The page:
Control Chatter
July 2021
News that Control Professionals need to know
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The Internal Control Institute has developed two mini assessments to test your knowledge. A CICS Common Body of Knowledge Mini Assessment that helps an individual determine their knowledge as it relates to organizational governance and control practices. Results point out areas of knowledge that may require additional training and experience. The assessments also provides a measurement to the individual's readiness for CICS certification.
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The ICI "Certification Series" of online courses
The ICI "Certification Series" has been completely updated and is available online to everyone around the world! Course content prepares individuals to design and/or assess internal control and to assist management in installing internal control processes. In addition, the series prepares candidates for the Certified Internal Control Specialist (CICS) Examination. To review the course catalog click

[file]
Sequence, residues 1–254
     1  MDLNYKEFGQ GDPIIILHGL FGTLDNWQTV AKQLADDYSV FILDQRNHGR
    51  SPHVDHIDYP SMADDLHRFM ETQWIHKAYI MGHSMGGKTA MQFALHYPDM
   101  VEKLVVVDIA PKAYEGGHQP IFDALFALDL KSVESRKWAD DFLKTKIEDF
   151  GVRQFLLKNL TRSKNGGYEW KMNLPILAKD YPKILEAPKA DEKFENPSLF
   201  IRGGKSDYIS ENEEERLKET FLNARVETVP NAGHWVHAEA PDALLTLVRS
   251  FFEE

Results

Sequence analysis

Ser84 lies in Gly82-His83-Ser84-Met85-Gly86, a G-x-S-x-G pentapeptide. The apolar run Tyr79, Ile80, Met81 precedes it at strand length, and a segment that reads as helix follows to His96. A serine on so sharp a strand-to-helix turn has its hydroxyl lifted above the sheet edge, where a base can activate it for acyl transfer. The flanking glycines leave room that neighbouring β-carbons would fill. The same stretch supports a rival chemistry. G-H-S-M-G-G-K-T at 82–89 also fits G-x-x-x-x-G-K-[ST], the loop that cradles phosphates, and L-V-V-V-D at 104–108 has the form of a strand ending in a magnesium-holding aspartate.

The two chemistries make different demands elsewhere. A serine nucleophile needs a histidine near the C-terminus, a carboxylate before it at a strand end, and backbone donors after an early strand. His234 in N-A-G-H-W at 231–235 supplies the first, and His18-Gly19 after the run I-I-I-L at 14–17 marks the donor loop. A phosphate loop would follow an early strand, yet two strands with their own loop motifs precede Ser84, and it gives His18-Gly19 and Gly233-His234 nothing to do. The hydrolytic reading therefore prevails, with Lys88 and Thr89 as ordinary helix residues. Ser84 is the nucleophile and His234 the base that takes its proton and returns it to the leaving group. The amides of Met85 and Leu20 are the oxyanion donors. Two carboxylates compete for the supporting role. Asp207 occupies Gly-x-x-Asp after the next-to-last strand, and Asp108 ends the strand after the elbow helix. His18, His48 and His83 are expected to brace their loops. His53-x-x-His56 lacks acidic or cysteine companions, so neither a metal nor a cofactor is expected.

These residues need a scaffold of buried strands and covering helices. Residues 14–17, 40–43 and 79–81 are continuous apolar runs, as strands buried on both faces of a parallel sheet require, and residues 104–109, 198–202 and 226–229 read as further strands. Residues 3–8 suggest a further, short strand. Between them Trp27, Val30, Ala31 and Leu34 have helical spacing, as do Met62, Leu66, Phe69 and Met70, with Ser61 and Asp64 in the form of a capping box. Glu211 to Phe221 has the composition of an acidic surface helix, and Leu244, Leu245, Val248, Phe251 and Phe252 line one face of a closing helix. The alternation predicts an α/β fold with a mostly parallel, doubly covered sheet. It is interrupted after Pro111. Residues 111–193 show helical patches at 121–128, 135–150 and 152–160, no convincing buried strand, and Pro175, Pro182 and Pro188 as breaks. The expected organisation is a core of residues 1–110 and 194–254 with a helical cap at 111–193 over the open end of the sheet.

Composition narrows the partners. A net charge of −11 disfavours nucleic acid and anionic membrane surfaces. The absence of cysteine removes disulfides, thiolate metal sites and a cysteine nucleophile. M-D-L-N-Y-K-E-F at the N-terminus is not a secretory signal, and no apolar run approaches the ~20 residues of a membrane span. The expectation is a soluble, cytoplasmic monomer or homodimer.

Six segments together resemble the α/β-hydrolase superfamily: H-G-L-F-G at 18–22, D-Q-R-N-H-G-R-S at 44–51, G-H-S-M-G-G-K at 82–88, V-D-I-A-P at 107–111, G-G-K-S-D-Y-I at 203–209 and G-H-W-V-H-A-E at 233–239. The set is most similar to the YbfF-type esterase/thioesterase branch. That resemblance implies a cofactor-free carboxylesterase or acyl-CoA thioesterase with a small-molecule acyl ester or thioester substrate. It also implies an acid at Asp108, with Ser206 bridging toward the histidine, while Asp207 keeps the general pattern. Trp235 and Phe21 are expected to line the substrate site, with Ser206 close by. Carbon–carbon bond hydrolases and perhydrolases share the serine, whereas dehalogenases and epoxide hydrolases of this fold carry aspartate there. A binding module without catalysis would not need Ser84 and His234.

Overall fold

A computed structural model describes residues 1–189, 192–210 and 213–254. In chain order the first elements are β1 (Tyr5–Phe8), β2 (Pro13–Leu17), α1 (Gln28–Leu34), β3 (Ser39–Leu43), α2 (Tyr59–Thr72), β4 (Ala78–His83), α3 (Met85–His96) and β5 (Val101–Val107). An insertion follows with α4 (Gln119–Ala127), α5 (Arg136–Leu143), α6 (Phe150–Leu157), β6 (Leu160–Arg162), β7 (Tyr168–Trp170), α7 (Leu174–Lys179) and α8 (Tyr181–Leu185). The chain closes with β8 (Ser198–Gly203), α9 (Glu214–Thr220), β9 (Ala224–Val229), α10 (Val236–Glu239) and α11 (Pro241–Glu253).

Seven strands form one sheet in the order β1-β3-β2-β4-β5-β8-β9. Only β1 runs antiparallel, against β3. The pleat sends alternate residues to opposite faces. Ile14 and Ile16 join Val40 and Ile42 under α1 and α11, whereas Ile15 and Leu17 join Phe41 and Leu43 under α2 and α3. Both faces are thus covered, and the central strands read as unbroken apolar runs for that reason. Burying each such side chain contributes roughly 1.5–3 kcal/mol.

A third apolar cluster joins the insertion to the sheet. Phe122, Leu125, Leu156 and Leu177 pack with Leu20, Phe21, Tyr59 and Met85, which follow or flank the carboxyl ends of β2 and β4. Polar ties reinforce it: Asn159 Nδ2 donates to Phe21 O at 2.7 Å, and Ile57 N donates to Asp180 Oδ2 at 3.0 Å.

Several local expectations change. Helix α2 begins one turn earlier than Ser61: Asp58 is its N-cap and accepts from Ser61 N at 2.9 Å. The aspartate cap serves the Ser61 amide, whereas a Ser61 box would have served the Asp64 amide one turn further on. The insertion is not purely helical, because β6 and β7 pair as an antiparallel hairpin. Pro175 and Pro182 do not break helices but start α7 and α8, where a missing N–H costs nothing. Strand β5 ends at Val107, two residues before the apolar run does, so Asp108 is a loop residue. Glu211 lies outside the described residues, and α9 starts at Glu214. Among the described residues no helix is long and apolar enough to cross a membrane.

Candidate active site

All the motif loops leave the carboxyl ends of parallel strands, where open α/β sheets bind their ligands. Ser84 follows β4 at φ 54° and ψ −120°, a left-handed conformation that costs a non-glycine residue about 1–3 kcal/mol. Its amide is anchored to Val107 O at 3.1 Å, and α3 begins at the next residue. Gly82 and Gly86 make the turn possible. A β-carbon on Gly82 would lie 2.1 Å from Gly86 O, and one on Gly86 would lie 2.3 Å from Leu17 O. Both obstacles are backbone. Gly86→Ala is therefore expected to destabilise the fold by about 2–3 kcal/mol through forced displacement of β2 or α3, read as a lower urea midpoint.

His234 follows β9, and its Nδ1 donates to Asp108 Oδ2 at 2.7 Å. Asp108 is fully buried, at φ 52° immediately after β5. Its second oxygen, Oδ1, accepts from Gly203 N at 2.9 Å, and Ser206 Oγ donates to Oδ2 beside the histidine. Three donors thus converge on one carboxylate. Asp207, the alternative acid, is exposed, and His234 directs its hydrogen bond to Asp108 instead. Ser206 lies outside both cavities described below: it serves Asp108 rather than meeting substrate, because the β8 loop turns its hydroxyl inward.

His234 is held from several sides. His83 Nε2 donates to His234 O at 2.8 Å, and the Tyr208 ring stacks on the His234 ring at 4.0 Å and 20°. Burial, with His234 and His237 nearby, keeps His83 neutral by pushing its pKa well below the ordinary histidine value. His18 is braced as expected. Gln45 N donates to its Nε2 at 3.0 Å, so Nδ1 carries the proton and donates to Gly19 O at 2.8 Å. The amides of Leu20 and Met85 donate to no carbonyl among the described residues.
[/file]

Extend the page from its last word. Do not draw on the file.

To register for one or all of the online training programs click here:
Online course pricing has been reduced by over 70%
Internal Control Chatter
Each month the staff of The Internal Control Institute reviews hundreds of articles related to Internal Control and Corporate Governance. Here are brief summaries of some of the top articles (along with links to the original article) that may be of interest to you.
Compliance Checklist: What a Company Needs to Do to Be AML Compliant
July 21 2021 
Global penalties for AML regulation non-compliance are increasing year after year. Overall, the number of fines in 2020 was $10.4 billion. Major banks like Deutsche Bank (USA) and Commerzbank (UK) were fined millions of dollars for non-compliance. In this article, I will try to review what is necessary for any company to stay compliant.